How The Medicalization Of Birth Has Legally Influenced A Woman 's Right

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Abstract
This paper addresses the ways globalization and the medicalization of birth has legally influenced a woman’s right to “choose” her birthing practices. With the medicalization of birth in recent years, the Western ideology that a hospital birth is safer, and more “modern” has resulted in legal influences on the role of a woman’s “choice” in delivery. Three influences, including patriarchy, globalization and development, are examined to analyze how the medicalization of women’s reproductive processes were originated and are currently perpetuated. The expression of these three factors as well as other social and legal factors that influence a woman’s choice in a medicalized birth verses a home birth vary globally. Therefore, this paper will focus on an Inuit case study regarding a law made in the 1970’s for mandatory evacuation of all pregnant women to Canadian hospitals. Although women, medical anthropologists, and feminist scholars are fighting against this control, the mandate remains in effect today. This case study, along with other legal and social influences limiting women’s choice in the birthing process, needs to come to the public’s attention. Only then can women start to regain control over choices regarding their own pregnancies.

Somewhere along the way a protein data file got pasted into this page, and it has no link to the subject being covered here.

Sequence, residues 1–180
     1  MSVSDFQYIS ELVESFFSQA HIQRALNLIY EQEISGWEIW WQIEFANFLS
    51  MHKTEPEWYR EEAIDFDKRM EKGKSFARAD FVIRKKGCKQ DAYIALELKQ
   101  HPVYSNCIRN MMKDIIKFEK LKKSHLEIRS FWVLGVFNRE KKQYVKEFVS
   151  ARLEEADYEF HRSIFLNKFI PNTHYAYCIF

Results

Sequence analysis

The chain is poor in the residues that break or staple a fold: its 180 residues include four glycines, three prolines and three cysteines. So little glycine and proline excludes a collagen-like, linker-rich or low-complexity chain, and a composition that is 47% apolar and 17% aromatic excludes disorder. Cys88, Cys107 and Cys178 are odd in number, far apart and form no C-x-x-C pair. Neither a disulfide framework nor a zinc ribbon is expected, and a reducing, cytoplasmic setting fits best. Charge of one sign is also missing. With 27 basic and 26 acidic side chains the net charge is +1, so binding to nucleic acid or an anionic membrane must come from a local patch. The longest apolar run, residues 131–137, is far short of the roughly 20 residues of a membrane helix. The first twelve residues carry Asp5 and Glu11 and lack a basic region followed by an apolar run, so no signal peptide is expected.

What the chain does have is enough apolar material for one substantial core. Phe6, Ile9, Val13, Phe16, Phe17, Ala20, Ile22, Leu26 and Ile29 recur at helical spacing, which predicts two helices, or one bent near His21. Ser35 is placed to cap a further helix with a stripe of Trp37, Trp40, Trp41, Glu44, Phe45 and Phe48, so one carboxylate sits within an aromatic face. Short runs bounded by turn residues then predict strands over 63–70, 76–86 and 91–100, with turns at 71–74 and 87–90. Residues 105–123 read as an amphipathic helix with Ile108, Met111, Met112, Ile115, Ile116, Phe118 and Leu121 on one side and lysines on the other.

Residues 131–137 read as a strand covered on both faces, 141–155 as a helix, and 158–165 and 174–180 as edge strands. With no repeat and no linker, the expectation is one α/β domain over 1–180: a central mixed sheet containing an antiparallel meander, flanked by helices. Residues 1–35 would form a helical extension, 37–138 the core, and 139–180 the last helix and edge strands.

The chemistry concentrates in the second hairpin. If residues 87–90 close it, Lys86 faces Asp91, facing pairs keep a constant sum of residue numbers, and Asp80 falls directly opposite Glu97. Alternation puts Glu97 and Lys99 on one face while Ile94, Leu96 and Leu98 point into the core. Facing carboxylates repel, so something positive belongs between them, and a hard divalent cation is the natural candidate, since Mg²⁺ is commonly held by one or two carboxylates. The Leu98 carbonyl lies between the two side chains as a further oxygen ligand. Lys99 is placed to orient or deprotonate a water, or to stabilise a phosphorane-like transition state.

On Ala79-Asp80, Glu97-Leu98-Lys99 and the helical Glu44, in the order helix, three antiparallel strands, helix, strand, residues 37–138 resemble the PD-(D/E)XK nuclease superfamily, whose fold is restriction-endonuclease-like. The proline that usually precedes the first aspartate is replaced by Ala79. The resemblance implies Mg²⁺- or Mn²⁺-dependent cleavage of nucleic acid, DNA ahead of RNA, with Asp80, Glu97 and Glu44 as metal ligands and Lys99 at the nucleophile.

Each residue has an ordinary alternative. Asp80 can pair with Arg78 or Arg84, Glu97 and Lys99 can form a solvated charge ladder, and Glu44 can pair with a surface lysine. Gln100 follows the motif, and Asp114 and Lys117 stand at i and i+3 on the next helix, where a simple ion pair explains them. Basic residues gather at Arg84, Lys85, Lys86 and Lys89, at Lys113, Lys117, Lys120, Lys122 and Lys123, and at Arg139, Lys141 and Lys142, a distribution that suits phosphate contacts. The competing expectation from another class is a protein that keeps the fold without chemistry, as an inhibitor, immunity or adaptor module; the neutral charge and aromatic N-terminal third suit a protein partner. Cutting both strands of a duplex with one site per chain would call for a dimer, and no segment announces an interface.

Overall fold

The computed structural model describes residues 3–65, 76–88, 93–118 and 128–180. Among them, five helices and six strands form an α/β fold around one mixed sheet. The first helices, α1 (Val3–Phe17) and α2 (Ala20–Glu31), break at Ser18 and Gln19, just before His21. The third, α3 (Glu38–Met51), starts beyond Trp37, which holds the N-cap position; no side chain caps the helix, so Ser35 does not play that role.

Conceptual Framework
Beginning in the 1900’s, pregnancy and childbirth have become increasingly medicalized (Mullin, 2005). In her book, Reconceiving Pregnancy and Childcare, Amy Mullin states the medicalization of birth
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